By Jim Schutze
By Rachel Watts
By Lauren Drewes Daniels
By Anna Merlan
By Lee Escobedo
By Eric Nicholson
The life of the rodeo wife is filled with the constant anxiety that some day, a wild steer or a bucking bronco will stomp her husband to death. It is riddled with the gnawing realization that even the best of heroes can die in the arena, caught between the hard ground and the harder horns or hooves of an animal that cannot be tamed no matter how skilled the rider or how determined the effort. After all, in 1989, world champion Lane Smith--a young man whose friendly smile was equaled only by his unparalleled grace on his enraged animal--was gored in the ribs after a winning ride. Smith would never get up off the arena floor.
Ellen Blackwood keeps news accounts of Smith's death on an old videotape that also features dozens of her own husband's triumphant rides. That Bob Blackwood--rider of bucking broncos and raging bulls for so many decades, a champion even in his late 40s, a world-renowned spur maker whose creations are the property of presidents and superstar athletes, and a born-again Christian who preached along the rodeo circuit--would die suddenly, inexplicably, so ordinarily was unfathomable to Ellen. Bob had been injured on animals too often, cheated death too much, to die like a mere mortal. Cowboys don't die playing basketball.
Yet on January 20, Bob Blackwood collapsed in the bathroom of the gym at Collin County Community College in McKinney, his 26-year-old son George beside him. George, who had just received his physical-trainer's license and was working with his very first client, was able to revive his father for only a moment. Bob Blackwood would die in his son's arms, a 54-year-old rodeo champion--one of the oldest men on the circuit, one of the bravest, and, it is often said, one of the kindest--attacked by his own heart.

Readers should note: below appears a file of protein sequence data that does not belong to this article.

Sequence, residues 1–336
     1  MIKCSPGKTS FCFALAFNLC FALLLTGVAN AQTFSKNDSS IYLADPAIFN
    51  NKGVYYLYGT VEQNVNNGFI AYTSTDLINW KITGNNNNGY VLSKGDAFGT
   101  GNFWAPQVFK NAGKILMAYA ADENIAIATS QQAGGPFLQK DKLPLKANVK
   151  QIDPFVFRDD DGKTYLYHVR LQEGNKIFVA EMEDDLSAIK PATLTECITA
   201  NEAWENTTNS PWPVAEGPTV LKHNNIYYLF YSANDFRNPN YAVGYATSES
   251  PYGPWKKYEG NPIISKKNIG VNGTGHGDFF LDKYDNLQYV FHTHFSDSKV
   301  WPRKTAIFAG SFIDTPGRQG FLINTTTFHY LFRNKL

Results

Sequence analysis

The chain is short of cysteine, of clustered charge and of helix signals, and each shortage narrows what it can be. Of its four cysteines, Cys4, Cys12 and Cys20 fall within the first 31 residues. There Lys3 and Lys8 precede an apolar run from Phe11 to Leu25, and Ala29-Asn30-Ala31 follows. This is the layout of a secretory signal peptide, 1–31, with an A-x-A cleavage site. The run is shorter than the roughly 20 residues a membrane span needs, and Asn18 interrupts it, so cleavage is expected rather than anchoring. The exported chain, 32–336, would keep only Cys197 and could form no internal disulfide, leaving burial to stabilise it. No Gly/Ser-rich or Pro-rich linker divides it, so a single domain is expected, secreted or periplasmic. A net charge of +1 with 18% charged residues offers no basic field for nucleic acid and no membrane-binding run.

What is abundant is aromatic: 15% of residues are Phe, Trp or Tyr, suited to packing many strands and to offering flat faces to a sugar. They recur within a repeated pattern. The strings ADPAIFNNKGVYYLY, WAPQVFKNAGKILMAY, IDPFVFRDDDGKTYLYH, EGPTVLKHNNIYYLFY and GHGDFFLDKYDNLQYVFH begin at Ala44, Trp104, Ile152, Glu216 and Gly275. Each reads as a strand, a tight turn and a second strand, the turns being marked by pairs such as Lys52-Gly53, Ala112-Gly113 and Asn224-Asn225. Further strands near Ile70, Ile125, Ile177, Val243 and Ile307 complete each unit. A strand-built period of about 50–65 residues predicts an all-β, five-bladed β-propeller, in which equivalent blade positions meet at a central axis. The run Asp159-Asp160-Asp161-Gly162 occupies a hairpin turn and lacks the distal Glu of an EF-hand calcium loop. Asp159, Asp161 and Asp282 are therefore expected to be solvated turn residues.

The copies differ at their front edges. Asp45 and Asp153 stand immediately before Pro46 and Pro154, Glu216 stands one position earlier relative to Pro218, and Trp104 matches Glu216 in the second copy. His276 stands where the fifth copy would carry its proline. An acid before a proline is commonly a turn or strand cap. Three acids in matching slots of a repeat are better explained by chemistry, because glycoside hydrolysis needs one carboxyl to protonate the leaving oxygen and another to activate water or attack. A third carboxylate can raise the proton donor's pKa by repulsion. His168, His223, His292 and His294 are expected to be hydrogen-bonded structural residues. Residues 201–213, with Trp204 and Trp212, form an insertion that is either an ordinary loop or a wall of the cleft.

Less than five months later, Ellen Blackwood still can't believe her husband of 31 years could die such an ordinary death. "It doesn't even make sense," she says, sitting in the living room of her unpretentious ranch-style home, surrounded by remembrances of her husband--the ropes and buckles, the saddles and sculptures made by friends, family, and fans. "They did an autopsy and found out he had congenital heart disease, and they said that's how most older athletes die. They don't even know they have this heart disease. His vascular system was so built up, it just kept him going. It's amazing he would die that way." Ellen pauses, her voice breaking slightly, softly for the first time.
"I had spent my whole life worried he was going to die in the arena. Almost every time he got on, for so many years I was terrified of that. And then, this last year...He quit really this last year. He didn't get on one bronc in the last year, and the last time he quit in the 1980s was when he almost put his eye out. Then he got hurt after he quit, so he went back to riding." She makes a small noise, sort of a cross between a chuckle and a sob. "It is strange."